From a sociological point of view, fashion has often been a way for the upper classes to stand out. Indeed, from a historical point of view, fashion was before created at the royal court. Subsequently, the royalties having often lost power for the benefit of the bourgeoisie, it is she who took charge of the creation of fashion. From that moment, two aspects of fashion distinguished themselves, in correlation with the industrialization of our modern societies and the capitalist and liberal logic.
On the one hand, fashion has become an industry and has had to evolve very quickly, at each « season », in order to sell more and push for consumption. For these reasons, industrial fashion is often cheap and is aimed at a wide audience. Brands, which often dictate this fashion, gradually create a uniform garment.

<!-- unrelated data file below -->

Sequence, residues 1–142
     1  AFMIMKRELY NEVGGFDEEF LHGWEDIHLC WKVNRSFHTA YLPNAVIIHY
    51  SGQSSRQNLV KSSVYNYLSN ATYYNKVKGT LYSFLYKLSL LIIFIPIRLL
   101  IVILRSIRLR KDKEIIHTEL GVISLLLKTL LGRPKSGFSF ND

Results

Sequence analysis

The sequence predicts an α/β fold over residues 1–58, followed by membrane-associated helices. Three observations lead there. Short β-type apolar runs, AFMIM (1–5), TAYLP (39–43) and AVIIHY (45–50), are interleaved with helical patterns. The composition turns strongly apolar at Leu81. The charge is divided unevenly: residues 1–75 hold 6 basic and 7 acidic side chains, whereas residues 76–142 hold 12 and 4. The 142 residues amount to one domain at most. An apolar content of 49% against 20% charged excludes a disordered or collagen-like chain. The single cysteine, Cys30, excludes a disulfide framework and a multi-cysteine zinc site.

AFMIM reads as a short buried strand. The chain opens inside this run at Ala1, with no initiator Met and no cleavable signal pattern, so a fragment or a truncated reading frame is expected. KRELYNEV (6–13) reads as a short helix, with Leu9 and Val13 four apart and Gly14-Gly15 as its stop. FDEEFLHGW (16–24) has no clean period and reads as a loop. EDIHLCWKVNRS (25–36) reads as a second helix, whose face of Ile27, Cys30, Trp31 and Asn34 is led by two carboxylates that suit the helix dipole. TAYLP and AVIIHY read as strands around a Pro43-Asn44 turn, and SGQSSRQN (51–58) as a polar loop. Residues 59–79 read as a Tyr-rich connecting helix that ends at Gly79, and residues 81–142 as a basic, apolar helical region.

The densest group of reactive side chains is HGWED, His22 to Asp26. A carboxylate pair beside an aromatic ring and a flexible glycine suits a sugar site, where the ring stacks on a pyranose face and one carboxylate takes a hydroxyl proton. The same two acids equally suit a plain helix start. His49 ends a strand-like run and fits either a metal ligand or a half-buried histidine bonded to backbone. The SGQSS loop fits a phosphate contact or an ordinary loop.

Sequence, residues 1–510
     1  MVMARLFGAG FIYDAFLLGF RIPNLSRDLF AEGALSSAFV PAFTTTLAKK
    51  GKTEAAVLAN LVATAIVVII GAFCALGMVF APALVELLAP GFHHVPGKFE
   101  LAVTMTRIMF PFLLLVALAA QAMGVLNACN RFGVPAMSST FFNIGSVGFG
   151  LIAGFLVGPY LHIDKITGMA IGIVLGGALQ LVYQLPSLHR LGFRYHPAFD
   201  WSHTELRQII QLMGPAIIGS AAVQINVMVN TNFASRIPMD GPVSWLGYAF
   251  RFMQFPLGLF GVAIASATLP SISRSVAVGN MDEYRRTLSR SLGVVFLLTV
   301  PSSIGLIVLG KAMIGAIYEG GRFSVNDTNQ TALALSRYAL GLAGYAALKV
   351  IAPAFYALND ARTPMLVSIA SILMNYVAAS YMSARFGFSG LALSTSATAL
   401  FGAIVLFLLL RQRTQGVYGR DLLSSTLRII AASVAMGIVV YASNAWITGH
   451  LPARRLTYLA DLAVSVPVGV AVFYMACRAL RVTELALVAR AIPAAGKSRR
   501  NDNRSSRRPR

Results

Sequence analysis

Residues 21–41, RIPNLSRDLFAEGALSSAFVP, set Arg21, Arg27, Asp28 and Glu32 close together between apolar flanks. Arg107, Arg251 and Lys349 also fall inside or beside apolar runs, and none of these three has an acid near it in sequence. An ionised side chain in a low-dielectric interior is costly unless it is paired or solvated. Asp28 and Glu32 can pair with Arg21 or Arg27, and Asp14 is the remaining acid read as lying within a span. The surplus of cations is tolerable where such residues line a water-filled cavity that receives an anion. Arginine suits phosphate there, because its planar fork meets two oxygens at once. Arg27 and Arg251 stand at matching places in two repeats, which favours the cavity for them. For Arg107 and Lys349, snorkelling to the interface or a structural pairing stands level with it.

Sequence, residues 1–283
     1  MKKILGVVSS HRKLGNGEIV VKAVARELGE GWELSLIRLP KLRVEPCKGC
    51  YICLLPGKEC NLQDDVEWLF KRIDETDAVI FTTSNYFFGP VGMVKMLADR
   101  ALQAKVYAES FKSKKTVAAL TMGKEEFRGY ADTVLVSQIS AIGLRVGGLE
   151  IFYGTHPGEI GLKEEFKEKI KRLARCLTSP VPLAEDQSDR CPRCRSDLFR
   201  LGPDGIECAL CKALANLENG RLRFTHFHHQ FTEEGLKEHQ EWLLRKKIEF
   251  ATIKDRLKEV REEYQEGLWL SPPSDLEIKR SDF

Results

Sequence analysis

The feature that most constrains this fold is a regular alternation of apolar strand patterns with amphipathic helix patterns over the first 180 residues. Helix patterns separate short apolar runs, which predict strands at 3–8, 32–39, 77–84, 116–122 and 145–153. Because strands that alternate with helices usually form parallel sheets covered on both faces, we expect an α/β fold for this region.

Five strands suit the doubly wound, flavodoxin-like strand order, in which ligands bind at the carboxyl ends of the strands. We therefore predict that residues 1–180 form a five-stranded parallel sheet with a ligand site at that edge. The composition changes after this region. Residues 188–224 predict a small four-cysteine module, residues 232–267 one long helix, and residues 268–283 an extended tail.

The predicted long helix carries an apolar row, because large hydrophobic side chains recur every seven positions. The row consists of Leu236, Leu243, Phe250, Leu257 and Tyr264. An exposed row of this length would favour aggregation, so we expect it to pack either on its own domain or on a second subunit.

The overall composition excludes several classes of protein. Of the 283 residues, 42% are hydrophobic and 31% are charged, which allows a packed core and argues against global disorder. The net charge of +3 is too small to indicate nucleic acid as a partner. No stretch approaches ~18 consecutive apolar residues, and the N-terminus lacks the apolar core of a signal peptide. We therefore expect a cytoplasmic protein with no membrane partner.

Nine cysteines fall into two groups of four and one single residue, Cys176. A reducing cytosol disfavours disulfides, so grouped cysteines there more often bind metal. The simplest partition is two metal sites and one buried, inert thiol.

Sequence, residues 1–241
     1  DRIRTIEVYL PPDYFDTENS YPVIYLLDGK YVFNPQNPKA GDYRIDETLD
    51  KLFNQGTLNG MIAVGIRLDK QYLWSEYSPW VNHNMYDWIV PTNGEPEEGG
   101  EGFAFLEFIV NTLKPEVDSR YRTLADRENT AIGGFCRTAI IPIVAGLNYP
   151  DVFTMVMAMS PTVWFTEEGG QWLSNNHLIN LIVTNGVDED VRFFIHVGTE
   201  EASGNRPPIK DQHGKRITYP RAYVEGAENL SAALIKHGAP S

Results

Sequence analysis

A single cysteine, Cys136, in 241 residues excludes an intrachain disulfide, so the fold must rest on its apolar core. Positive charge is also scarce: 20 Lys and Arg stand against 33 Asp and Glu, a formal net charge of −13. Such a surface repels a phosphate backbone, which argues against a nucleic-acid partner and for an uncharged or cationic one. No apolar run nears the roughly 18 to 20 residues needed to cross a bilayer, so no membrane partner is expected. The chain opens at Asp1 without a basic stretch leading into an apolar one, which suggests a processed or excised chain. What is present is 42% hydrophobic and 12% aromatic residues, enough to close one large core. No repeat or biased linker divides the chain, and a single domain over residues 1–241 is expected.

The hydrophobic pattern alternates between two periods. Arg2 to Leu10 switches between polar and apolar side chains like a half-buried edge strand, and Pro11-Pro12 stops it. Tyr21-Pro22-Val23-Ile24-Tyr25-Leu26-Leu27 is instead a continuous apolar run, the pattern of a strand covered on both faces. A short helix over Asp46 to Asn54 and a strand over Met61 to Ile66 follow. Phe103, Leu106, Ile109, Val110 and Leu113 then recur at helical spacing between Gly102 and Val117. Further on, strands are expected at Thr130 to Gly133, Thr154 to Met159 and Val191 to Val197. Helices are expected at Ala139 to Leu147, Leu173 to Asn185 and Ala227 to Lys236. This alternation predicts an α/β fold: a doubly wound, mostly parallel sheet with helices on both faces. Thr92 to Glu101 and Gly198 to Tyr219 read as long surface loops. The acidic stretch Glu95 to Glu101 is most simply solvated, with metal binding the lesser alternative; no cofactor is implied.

On the other hand, the bourgeoisie and the ruling classes had to find a way to stand out. For this, they began to consume more expensive products, and therefore inaccessible to the lower classes. The American economist and sociologist Thorstein Veblen has thus highlighted an effect that now bears his name: when the price of a product increases considerably and the product becomes a luxury product, as is the case for many fashion objects – clothing, watches, jewelry, handbags, etc. – the demand for this object increases (whereas economic theories showed until then that the more expensive a product, the less it was asked). Thus, brands have specialized in this area and have given birth to luxury fashion, which in turn inspired industrial fashion.